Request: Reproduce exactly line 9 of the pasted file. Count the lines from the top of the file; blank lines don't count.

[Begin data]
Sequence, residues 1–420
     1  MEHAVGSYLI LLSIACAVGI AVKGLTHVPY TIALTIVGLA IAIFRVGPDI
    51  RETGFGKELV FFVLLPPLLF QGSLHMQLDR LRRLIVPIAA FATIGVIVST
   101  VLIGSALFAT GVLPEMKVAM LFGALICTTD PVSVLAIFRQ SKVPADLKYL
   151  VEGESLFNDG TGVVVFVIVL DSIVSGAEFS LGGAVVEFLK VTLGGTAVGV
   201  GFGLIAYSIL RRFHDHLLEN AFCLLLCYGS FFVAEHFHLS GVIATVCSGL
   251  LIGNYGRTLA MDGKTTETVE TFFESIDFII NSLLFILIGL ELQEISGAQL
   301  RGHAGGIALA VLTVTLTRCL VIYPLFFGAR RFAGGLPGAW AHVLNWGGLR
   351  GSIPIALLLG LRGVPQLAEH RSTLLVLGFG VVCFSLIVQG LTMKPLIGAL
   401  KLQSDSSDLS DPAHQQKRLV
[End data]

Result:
   351  GSIPIALLLG LRGVPQLAEH RSTLLVLGFG VVCFSLIVQG LTMKPLIGAL